This scanning electron microscope image shows how red blood cells coagulate to form a blood clot. (Credit: James Weaver, Harvard’s Wyss Institute)
Any medical device implanted in the body or in contact with flowing blood faces two critical challenges: blood clotting and bacterial infection. Now, a team of scientists at the Wyss Institute for Biologically Inspired Engineering at Harvard, Boston, say they have developed a new surface coating for medical devices using FDA-approved materials that not only repelled blood from more than 20 medically relevant substrates the team tested, but also suppressed biofilm formation. The team’s implanted medical-grade tubing and catheters coated with the material prevented blood from clotting for at least eight hours without the use of blood thinners, such as heparin. This super-repellent coating can be adhered to existing, approved medical devices, they say.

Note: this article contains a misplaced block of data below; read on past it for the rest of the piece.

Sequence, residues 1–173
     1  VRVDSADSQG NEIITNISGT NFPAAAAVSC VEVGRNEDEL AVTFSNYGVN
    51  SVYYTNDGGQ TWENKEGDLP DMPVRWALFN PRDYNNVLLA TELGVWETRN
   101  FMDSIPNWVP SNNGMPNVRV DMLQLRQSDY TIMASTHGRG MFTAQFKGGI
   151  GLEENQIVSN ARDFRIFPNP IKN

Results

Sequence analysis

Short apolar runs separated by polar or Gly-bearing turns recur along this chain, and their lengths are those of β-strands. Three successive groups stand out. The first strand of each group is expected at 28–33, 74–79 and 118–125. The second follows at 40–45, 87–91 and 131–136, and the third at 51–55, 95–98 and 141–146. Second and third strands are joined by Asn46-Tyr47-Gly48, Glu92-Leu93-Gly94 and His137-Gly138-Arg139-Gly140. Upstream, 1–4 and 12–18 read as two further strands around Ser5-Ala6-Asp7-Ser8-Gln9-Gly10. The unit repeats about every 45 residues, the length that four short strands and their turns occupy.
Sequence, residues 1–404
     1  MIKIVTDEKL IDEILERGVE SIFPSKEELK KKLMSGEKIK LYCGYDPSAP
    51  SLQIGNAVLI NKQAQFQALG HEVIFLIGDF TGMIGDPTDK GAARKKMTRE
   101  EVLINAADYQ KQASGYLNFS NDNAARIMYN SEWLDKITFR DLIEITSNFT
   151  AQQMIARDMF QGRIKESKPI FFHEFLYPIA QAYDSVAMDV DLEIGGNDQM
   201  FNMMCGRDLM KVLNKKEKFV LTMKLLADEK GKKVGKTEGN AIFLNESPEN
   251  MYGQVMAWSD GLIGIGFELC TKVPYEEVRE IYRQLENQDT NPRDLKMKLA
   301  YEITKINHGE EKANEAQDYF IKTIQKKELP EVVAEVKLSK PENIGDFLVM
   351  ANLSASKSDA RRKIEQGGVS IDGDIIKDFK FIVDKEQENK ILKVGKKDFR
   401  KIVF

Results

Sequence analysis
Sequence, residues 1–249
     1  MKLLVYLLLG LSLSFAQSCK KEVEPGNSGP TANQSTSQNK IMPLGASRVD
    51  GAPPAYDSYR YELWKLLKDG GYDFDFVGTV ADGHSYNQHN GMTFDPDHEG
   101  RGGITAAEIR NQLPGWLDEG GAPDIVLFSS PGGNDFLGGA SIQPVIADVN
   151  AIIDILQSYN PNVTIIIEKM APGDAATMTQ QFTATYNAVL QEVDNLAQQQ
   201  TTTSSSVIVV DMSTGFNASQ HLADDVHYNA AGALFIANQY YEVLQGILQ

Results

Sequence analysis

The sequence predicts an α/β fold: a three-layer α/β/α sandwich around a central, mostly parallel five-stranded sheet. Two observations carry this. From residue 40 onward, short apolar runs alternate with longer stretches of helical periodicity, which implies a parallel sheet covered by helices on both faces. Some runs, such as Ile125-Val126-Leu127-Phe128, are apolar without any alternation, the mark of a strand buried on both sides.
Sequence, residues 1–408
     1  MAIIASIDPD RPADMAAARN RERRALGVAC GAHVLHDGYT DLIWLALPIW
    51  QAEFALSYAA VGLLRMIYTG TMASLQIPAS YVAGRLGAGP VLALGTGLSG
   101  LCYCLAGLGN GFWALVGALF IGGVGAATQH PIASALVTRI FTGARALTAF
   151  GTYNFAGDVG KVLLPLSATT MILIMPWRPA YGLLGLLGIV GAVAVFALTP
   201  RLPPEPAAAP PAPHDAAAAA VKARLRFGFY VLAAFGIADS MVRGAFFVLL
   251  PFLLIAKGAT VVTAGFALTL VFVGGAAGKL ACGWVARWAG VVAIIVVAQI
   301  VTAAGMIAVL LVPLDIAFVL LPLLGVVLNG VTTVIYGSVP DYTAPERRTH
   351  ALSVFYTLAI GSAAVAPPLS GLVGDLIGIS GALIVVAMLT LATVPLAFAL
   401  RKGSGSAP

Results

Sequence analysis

The idea for the coating evolved from Slippery Liquid–Infused Porous Surfaces (SLIPS), a pioneering surface technology developed at Harvard. Inspired by the carnivorous pitcher plant, SLIPS repels nearly any material it contacts. The liquid layer on the surface provides a barrier to everything from ice to crude oil and blood.

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Medical Design Briefs Magazine

This article first appeared in the December, 2014 issue of Medical Design Briefs Magazine.

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